It is only in our darkest hours that we may discover the true strength of the brilliant light within ourselves that can never, ever be dimmed. — Doe Zantamata
When the COVID-19 shutdown hit, Minnesota Opera violinist Emilia Mettenbrink found herself "completely unemployed" from sundry musical and yoga-instructor gigs.
Then she got sick, "very sick." Not from the coronavirus, but in unsettling ways that threatened her musical livelihood, with intense ear pain and facial paralysis. It was a few excruciating days before she learned that she had Ramsay Hunt Syndrome and found medication that cured her afflictions. With her hearing back at the end of March, Mettenbrink grabbed her violin, stepped out onto her third-floor balcony in St. Paul's Ramsey Hill neighborhood and played a Bach sonata. And she played and played and played, nightly and solo at first, and then twice weekly with musical and dance accompaniment.
"I have so much admiration for Emilia," Chouinard said, "to find a way to be out in the world in her music and to use the music as a way to bring people together, at a time when the instinct for a lot of people is to keep ourselves locked up."
That's clearly not Mettenbrink's style, but it was not without trepidation that she launched this series. Upon getting her hearing back, she said, "I really wondered if I could play. I'd never gone that long in my life without playing. So that morning I started playing, and at the end of the day I realized it's not going to work unless I play, so I walked out on the balcony and played a Bach sonata.
"I'm not sure if anyone was watching, so the next day I put out a note to my neighbors, saying that those of you who hate the violin, it won't last long, and those who love the violin, come by and listen."
Her April 1 post on the NextDoor neighborhood social-media platform read: "Hello, I'm a musician and I'm going to be playing live on my balcony every night (barring rain/snow) @6pm. …Just want to provide a little night music, live, from a quiet & safe place."
Over the next few months, weather permitting, she played works by Georg Phillipp Telemann, Georg Frideric Handel, Joseph Haydn, Fritz Kreisler, "lots of Bach … and I then branched out to some African-American composers like Florence Price."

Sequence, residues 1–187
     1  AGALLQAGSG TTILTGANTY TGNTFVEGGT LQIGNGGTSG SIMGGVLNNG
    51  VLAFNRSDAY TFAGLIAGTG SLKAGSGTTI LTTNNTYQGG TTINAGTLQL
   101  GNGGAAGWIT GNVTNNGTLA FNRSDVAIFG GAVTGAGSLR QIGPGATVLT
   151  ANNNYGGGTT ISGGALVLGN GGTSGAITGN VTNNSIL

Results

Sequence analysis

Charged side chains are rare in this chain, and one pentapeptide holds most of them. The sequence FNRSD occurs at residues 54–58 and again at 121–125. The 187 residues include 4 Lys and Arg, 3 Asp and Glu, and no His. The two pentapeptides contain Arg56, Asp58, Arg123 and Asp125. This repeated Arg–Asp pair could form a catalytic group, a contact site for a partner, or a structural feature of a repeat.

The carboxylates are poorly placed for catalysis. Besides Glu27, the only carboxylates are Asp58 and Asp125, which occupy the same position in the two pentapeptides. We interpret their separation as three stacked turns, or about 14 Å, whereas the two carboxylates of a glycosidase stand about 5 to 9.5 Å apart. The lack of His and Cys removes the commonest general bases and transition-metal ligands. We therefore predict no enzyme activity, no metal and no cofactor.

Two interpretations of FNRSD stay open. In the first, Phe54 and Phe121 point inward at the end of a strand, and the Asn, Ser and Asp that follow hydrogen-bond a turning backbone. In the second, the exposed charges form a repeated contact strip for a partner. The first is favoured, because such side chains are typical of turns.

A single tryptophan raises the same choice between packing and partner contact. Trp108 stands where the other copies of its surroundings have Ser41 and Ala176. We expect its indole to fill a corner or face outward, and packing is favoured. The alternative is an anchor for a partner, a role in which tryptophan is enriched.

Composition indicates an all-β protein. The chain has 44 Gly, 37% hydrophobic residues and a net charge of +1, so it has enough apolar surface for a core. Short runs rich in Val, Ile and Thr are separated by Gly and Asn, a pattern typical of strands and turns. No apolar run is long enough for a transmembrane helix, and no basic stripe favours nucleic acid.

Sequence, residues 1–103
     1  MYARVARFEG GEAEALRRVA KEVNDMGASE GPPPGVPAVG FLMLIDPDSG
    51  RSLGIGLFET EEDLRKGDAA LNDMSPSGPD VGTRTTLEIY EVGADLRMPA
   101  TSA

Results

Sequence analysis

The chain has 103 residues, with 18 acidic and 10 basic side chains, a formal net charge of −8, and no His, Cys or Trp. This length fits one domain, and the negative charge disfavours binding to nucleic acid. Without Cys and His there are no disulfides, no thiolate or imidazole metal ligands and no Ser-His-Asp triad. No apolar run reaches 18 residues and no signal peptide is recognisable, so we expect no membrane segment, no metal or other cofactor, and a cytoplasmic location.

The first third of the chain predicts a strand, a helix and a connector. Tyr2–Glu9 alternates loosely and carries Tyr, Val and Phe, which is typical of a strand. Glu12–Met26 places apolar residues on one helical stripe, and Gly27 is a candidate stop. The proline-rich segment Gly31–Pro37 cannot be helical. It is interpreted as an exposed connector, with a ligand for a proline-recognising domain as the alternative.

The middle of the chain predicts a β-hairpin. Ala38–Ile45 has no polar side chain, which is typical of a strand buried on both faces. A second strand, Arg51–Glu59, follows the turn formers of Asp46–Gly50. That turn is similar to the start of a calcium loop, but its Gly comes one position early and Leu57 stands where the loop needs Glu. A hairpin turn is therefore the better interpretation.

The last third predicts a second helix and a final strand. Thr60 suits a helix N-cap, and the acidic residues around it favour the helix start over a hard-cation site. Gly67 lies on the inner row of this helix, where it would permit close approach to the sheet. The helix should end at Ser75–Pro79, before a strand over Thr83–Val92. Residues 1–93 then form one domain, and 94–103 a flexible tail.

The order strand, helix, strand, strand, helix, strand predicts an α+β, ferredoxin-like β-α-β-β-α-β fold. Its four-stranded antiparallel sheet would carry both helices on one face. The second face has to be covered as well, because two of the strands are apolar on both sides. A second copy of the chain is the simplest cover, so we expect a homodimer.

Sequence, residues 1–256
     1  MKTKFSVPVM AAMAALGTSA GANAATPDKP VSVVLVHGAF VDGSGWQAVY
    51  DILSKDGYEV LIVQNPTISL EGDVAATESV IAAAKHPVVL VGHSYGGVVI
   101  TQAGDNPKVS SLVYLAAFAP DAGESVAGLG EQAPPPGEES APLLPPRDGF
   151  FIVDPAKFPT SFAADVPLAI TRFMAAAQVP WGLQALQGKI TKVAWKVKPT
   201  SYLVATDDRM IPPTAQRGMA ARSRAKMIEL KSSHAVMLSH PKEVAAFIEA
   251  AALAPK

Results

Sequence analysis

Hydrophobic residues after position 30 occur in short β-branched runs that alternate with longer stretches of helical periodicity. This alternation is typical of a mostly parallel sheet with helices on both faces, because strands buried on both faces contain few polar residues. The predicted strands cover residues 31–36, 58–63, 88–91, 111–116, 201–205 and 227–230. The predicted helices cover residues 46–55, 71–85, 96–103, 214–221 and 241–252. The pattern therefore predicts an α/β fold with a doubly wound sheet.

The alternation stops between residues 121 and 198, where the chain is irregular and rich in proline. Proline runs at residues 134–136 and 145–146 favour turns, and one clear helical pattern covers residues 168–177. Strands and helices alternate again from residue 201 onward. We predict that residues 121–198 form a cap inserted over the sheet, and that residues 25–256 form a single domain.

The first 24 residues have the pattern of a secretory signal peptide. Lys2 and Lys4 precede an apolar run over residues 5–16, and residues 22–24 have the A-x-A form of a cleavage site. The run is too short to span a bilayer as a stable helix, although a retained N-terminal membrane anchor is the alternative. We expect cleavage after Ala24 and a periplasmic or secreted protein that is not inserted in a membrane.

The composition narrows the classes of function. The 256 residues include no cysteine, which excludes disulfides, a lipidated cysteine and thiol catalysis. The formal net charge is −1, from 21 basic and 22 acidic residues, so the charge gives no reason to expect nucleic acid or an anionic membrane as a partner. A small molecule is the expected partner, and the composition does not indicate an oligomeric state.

She started a Facebook page, took requests and eventually scaled back to twice-a-week concerts.
Along the way, her next-door neighbor introduced her to her two-doors-down neighbor, Chouinard, and he started joining in occasionally, first on accordion and later on keyboard. ("I do have a keyboard that I don't like telling people about because I don't like schlepping it around," he said with a chuckle.)
Chouinard suggested their first collaboration, a few Astor Piazzola tangos, and introduced her to French-Canadian reels, French cafe music and John Harbison's Four Songs of Solitude.
As the corner of Portland Avenue and Kent Street became something of a musical mecca, Mettenbrink reached out to her fellow yoga instructor, Ballet Co.Laboratory artistic director Zoé Henrot, and soon enough there were occasional dancers on the sidewalk in front of the house.
The crowds, sitting across the street on steps or chairs in front of St. John the Evangelist Episcopal Church, steadily grew by the dozens. Chouinard estimated that 50 or 60 people watched when Henrot performed "The Dying Swan" from Camille Saint-Saëns' Carnival of the Animals.
That piece will be part of the two upcoming performances (at 6 and 6:30 p.m. on Oct. 2; rain date the next night), along with "Four Baby Swans" and the Odile and Odette variations from Pyotr Ilyich Tchaikovsky's Swan Lake.
For those who can't attend "Swans Six Feet Apart," the 6:30 show will be livestreamed on the ballet company's Instagram account, @balletcolaboratory. Those who do attend will get a bit of a bonus.
"Emilia said her dream finale was to do a big 'swan fiesta,'" Henrot said, "so we're going to get some audience involvement. We're gonna teach some 'swan arm.'"
(Attendees are encouraged to bring donations for the dancers and/or to contribute to @Emilia-Mettenbrink via Venmo.)
Henrot will be one of 16 Ballet Co.Laboratory dancers on the sidewalk while Mettenbrink and Chouinard play, socially distanced, on her porch. Thanks to the Ramsey Hill Association, set designer Vicky Erickson is building a wood platform with Marley vinyl flooring for the troupe.
"That will have a little more give to us than the concrete," Henrot said, laughing. "We're excited because all summer we've been dancing wearing tennis shoes.
"It's an ideal solution and ideal way for our company to perform for the first time in six months."
It promises to be a beautiful and, for Mettenbrink, a bittersweet occasion.
"This," she said, "will be my farewell to my neighbors."
Those lucky people.
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